I can't remember much of the next day or the days to follow.

Tony went to the hospital. Got a patch. I scurried away and hid at a girlfriend's place for a few days after a good friend of mine yelled at me, "Hey, Chris! Keep your eye out for my screwdriver, will ya?" After all, they were friends, not mental health counselors.

Tony finally came and got me at my retreat. His eye was indeed damaged. Badly. For a couple of years he needed to wear a prism on one lens of his glasses to keep from seeing double. But he has always been one the luckiest bastards I have ever met. He wasn't mad – he was everything but. He comforted me. Told me there was nothing to forgive. Joked it was his fault – God was getting him for the thought of breaking Lent. Life was good again.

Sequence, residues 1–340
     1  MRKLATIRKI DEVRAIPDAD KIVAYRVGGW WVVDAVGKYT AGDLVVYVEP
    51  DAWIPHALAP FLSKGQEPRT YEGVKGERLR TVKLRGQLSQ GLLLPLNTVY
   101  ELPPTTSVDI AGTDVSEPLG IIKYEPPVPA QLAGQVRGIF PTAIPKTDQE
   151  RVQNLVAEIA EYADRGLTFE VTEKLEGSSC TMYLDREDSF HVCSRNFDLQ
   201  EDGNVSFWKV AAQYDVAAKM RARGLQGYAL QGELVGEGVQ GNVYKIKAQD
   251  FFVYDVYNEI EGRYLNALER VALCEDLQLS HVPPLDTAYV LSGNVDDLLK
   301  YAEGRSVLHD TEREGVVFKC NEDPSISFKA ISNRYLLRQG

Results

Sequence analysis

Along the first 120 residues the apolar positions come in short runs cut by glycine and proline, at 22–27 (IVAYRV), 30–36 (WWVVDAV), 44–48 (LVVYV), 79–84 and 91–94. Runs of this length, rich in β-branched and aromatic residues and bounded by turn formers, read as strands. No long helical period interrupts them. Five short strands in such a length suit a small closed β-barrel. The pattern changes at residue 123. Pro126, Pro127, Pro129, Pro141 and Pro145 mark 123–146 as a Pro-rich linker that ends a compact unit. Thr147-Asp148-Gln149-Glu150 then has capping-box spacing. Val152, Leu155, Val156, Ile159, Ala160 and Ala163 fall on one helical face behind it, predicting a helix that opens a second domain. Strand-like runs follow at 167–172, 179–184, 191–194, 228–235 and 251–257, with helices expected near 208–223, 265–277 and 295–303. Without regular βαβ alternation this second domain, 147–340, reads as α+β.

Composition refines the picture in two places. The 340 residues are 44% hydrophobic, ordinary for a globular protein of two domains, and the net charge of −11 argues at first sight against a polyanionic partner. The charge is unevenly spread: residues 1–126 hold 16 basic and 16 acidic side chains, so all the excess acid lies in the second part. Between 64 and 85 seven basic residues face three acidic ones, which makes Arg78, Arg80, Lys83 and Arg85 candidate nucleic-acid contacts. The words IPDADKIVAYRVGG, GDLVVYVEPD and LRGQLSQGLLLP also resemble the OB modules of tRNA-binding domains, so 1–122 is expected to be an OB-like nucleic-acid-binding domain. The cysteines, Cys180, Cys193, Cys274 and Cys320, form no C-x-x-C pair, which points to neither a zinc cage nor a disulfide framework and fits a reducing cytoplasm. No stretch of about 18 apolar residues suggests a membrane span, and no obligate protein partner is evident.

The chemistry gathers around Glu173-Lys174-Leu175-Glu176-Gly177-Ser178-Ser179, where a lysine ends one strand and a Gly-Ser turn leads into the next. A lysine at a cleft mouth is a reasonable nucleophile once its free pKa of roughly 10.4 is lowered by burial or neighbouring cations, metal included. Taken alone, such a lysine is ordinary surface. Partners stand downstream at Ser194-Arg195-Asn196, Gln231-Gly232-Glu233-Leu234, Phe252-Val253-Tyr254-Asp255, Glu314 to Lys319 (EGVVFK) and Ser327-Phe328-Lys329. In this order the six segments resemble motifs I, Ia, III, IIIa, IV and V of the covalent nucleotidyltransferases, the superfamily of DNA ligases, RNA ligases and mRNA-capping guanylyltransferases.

There are few instances in your life that leave a decided mark on you. I don't know if I'd have had the forgiveness Tony had. I think I might have still been mad that I might lose an eye. You'd think you would be. Maybe he was and just didn't say. Somehow, I don't think so. I could tell. Tony was just a great friend.

I'll probably even tell this story at his wedding ... with one exception. I won't tell the real ending.